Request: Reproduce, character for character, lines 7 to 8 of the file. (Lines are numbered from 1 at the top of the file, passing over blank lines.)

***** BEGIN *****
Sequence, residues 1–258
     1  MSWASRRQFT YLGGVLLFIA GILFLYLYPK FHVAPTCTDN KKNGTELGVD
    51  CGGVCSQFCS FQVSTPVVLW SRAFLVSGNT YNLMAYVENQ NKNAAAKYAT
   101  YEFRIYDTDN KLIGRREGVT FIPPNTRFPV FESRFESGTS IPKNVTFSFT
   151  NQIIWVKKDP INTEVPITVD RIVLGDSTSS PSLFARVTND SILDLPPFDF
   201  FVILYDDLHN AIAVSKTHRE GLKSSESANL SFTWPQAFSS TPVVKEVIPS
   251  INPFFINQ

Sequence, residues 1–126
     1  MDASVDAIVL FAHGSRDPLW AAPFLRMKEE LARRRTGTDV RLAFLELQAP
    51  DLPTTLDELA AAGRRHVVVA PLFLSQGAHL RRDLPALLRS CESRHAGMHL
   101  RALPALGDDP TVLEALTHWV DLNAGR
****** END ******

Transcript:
   251  INPFFINQ

Sequence, residues 1–126